SW: That comes after the one-pagers that pop up throughout the piece that all aren’t quite one-pagers or pinups. There is a really interesting approach he’s working towards where it’s an accumulative effect of the ideas he’s throwing out in those things instead of embedding those ideas into the stories (which he’s also doing). The recurring motif of Curt Swan/Murphy Anderson Superman faces recalls Kirby being redrawn on Jimmy Olsen but also what Superman represents now, which is deep sadness, at least for McCarthy.
MS: The crying Superman at the bottom of “Pop!,” which is my favorite one-page comic — not ever, but post-George Herriman at least — means so much. As a modern art statement it’s great, but it’s also used as a Greek chorus, greeting the dawn of a brighter day free of American corporate totalitarianism with despair. It’s brilliant manipulation of the original image.
SW: I’m seriously not sure if “Pop!” is meant to be taken seriously because there is the idea of a hippy idealist using Superman as a symbol to change the world then closed with “an imaginary story.” I mean, if he’s taking shots, he’s not just taking easy shots.
MS: I think with most of these one-page strips it’s good to keep in mind that McCarthy came up through British art schools as a painter, and to look at them as single compositions with their own context. What matters in “Pop!” is the political daring (both comics-specific and general) being put forth, the fact that this statement was made, whether in sarcasm or seriousness. Then there’s the fact that it’s directly criticizing the DC Comics it’s printed by, and only then do we get to the thing’s wider place in the comics community and historical narrative.
I think it’s pretty open — if you want to take it as a mean joke it’s definitely funny, but it’s the story of a revolution, too, and those are the stories that cause real revolutions. But maybe it just feels relevant to me because I’m a safe hipster lost in i-Poddery, designer books (this one included), and green tea…
SW: The mean joke means more to me than the statement, if I’m being honest. I think the revolutionary content is in “Lord of Nothing,” which seems to really take a moment to go, “You know the comics that don’t appeal to me anymore that are nothing but endless wallowing in brown superhero sadness, those are for people as well, that stuff actually means things to people.” Which is the opposite of what most “enlightened” comics people are supposed to feel about things like Brian Bendis comics.
MS: I think you have to take that one along with the prelude to it, “Duke Hussy” (which is also the most accurate depiction of drug consciousness I’ve ever seen in comics or any other medium), as just this really depressing commentary on the comics-buying public. I mean, are those computer-warped photos of comic shop racks in the backgrounds of the panels? According to McCarthy, either you’re a trendy idiot who only buys stuff because it’s cool or you like bad comics. Whose side are you on, readers?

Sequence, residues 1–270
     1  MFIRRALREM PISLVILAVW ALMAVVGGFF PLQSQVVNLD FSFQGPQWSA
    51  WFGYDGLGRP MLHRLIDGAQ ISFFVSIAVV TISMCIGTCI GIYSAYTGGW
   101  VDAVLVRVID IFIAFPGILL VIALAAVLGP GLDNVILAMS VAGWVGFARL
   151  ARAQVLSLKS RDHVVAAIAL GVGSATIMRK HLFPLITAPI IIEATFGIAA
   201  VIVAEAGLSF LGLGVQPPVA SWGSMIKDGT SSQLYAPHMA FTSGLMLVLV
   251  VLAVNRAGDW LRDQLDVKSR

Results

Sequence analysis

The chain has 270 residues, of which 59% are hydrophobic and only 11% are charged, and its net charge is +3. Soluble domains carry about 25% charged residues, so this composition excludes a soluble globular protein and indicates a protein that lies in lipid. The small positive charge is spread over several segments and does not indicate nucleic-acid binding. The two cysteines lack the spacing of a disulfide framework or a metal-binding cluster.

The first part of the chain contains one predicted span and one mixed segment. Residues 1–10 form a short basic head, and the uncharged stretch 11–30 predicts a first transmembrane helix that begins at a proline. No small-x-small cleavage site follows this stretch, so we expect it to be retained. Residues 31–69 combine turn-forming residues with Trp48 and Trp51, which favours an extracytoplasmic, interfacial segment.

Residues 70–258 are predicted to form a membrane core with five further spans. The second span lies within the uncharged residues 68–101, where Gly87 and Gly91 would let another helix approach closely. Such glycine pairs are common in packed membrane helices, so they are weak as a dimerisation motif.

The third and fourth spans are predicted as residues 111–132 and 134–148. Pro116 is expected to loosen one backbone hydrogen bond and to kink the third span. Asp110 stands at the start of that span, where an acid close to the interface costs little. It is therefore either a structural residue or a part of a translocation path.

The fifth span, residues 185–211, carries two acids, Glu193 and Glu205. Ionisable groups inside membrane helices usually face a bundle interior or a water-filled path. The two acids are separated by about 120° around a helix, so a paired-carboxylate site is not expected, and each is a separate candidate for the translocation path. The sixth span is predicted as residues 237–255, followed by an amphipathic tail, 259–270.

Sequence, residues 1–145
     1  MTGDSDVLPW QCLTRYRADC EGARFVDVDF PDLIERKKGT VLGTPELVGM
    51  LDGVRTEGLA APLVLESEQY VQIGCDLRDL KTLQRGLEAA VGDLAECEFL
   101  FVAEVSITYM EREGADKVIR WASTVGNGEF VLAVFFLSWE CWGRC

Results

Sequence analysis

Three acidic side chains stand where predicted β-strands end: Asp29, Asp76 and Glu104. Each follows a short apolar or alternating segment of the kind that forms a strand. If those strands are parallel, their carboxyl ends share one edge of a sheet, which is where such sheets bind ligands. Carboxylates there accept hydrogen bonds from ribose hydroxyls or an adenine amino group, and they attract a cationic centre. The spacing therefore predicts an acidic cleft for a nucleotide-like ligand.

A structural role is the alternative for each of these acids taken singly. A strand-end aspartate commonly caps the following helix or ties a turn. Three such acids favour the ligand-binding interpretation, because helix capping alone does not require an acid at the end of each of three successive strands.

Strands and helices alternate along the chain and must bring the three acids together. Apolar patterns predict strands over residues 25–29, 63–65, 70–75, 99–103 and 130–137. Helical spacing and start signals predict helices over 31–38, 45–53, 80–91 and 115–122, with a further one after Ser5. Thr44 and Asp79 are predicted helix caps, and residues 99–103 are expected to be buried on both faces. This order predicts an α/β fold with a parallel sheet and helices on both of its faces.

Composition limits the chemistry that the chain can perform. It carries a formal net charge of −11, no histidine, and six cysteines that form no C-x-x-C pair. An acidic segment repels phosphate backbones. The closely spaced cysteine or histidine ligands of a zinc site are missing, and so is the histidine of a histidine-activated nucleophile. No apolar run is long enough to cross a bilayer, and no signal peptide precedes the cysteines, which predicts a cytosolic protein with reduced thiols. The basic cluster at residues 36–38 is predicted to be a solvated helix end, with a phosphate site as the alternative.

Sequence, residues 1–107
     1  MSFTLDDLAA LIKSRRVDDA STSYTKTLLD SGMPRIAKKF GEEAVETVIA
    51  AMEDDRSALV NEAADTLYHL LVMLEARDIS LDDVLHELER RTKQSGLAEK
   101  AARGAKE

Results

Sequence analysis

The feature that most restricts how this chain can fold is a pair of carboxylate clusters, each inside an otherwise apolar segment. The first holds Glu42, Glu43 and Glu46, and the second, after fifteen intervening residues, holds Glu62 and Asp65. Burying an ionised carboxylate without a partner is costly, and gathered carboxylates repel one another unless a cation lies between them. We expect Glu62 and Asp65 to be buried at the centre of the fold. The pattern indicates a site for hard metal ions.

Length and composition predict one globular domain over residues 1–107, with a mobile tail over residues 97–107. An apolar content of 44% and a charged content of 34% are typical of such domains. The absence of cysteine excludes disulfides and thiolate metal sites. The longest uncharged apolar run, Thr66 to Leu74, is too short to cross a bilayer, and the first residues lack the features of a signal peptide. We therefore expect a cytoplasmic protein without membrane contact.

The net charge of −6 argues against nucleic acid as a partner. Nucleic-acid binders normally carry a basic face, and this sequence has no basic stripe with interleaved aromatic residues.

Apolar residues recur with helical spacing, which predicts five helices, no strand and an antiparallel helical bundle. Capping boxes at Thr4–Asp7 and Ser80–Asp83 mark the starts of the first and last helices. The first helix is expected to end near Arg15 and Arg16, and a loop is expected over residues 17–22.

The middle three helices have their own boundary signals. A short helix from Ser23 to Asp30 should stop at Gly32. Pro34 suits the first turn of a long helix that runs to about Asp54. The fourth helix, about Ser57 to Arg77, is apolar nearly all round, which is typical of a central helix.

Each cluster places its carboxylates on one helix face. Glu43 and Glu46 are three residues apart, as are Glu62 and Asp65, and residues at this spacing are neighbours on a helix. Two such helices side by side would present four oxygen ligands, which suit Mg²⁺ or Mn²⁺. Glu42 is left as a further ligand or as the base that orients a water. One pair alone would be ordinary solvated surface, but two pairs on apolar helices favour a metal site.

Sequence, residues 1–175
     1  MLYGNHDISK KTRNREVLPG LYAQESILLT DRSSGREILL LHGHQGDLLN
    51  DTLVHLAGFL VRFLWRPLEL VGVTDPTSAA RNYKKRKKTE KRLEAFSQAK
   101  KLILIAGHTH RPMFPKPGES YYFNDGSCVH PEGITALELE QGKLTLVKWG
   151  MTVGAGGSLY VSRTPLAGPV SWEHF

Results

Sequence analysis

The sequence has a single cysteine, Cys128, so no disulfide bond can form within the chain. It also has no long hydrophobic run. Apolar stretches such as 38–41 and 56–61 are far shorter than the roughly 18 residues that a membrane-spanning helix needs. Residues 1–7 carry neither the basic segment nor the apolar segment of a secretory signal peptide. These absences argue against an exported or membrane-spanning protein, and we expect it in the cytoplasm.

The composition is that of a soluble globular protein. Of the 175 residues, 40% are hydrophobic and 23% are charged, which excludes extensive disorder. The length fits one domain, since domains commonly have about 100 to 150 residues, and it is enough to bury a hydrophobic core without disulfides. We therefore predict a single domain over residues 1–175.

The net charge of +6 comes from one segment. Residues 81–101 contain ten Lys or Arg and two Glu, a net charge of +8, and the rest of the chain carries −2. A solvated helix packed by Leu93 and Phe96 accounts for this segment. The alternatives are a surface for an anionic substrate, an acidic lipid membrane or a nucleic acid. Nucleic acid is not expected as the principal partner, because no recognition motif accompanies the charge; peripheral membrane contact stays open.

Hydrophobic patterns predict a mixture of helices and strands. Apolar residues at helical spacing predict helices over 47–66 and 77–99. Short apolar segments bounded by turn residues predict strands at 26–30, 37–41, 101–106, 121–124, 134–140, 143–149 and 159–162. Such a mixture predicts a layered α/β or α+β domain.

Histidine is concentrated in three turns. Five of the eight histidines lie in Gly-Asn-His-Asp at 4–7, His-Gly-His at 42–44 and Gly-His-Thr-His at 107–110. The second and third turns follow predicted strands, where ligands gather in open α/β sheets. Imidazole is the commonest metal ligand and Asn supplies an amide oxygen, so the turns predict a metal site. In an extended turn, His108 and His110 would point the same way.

SW: I think it would be remiss of us to not notice that he really seems to give more credit to the bad comics than anyone else in his position.
MS: Yeah, and I think it’s a smart, purposeful way to open the issue, because everything he homages throughout the rest of it is bad comics, really. Curt Swan, Carmine Infantino, Jim Steranko — they’re all in my top ten artists ever, but I don’t think any of them ever really made something that could be called “good” without being pretty empathetic toward the circumstances of its creation. I think superhero comics that Alan Moore didn’t write are by and large bad comics, and I feel like McCarthy’s hyping himself up with “Lord of Nothing,” sifting through the garbage heap to isolate the factors that make people care so much… the treasure in the trash, if you will.
SW: We should probably talk about how this issue has a relatively large creative roster, and a few of the players are likely McCarthy pseudonyms (Robbie Morrison I know is a real guy).
MS: I think “Glammapuss” (two years pre-Dave Sim!) is definitely not a real dude, but Steve Cook is real, Trevor Goring is from 2000AD, Howard Hallis is a Real Fine Art Guy. I dunno about Jono Howard, you might be right about “him”…
SW: I bring it up because — aside from the Batman story which is about a fictional creator, and the constant signing of other artist’s names (Some of them not real like “Ditranko” which would later become “DitKirbAnko” in McCarthy’s Matt Fraction Who Will Not Wield The Shield collaboration at Marvel, for all three exploited Silver Age godfathers) — there is a sense that this is all of a piece and uniformly from McCarthy’s hand/mind. There isn’t that much friction between voices anywhere in this comic.
MS: That sense is in and of itself interesting, because I’m sure dudes like us had the same impression of, like, Infantino/Fox Batman issues — “You can tell it’s all coming direct from Bob Kane!” Obscuring the details of true authorship is a time-honored tradition in superhero comics.
SW: But even then there may be an intent to obscure a lot of what McCarthy is saying with the issue as a whole, by having all those names behind his. I think of the issue as a relatively disjointed single story, and kind of a micro version of his Swimini Purpose where all of this may at first seem to be from different sources but is all one guy’s statement.
MS: And that’s what superhero universes are supposed to be, right? At least according to the bosses, what matters is the solid stuff made up of strands from a million different people’s imaginations. That Batman story — inked by Goring in a much tighter style than anything else in the book — is probably the most concrete example of what we’re talking about. It’s the straightest superhero story in the book, and as such it not only looks the least like McCarthy on his own, it’s actually attributed to a completely different (fictional) creator. And just to put the cherry on top, the pages in this section aren’t printed like normal comics, but rather as scans of half-burned, Ben-Day-toned paper. Just like Swan and Sprang comics are subject to the ravages of age, yellowing with the years, so too is McCarthy’s art the slave of a million random circumstances. There’s a reason he didn’t ink this one: giving up control is part of the deal when you draw Batman.
SW: Its opposite end, the Flash story, is completely wide open stylistically, in the tradition of the Infantino/Schwartz Flash comics that completely break with everything that came before them. There’s some layout work in those four pages that really rings the Steranko high mark bell. And that’s before you talk about the gorgeous coloring.